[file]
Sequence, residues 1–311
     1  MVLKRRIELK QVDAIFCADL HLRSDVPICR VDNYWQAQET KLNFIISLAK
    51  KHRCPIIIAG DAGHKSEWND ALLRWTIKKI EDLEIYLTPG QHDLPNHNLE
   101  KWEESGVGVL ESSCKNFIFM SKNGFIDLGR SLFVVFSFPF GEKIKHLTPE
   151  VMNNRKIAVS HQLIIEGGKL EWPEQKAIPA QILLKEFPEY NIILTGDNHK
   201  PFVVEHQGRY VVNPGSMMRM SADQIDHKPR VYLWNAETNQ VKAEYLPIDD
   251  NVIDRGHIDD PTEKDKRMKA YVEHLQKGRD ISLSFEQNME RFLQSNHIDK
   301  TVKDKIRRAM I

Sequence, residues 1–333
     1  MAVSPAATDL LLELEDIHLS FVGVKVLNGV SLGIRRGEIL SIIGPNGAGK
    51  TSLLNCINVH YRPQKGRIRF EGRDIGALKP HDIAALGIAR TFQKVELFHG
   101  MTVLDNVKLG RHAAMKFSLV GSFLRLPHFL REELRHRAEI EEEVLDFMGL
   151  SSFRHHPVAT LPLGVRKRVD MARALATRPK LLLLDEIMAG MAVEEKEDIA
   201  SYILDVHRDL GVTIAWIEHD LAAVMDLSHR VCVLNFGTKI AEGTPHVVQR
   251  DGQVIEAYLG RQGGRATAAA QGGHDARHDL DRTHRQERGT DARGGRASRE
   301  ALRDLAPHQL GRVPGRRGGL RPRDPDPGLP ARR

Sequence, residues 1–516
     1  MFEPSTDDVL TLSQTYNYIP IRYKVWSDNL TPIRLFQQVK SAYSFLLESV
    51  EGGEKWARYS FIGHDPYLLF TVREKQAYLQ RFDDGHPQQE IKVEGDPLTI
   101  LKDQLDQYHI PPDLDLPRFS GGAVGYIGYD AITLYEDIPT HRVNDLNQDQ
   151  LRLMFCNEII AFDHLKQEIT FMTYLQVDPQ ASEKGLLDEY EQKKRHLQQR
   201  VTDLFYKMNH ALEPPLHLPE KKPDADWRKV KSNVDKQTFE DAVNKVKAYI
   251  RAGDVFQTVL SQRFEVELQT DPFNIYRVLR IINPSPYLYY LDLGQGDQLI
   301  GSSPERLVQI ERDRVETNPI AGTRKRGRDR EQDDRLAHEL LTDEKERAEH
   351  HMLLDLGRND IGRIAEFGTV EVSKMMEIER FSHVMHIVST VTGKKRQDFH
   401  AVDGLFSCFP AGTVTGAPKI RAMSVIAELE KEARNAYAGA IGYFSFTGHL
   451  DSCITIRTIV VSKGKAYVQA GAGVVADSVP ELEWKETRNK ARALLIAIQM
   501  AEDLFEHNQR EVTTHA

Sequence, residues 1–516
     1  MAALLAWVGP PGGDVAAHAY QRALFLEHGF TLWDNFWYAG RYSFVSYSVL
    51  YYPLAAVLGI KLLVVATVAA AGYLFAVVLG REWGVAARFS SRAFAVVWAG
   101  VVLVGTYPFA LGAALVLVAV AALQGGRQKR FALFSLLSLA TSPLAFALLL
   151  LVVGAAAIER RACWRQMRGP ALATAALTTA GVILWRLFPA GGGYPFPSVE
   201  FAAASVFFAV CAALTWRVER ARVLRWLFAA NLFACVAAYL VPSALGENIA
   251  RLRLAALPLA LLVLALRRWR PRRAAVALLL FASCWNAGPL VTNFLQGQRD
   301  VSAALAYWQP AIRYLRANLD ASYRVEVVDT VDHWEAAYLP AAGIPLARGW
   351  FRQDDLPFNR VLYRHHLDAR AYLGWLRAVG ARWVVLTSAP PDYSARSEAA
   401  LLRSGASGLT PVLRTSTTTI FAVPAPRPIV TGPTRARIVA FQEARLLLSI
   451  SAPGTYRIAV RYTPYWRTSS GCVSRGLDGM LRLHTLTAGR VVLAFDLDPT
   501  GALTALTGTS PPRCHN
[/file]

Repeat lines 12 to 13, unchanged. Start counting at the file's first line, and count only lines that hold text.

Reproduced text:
   101  MTVLDNVKLG RHAAMKFSLV GSFLRLPHFL REELRHRAEI EEEVLDFMGL
   151  SSFRHHPVAT LPLGVRKRVD MARALATRPK LLLLDEIMAG MAVEEKEDIA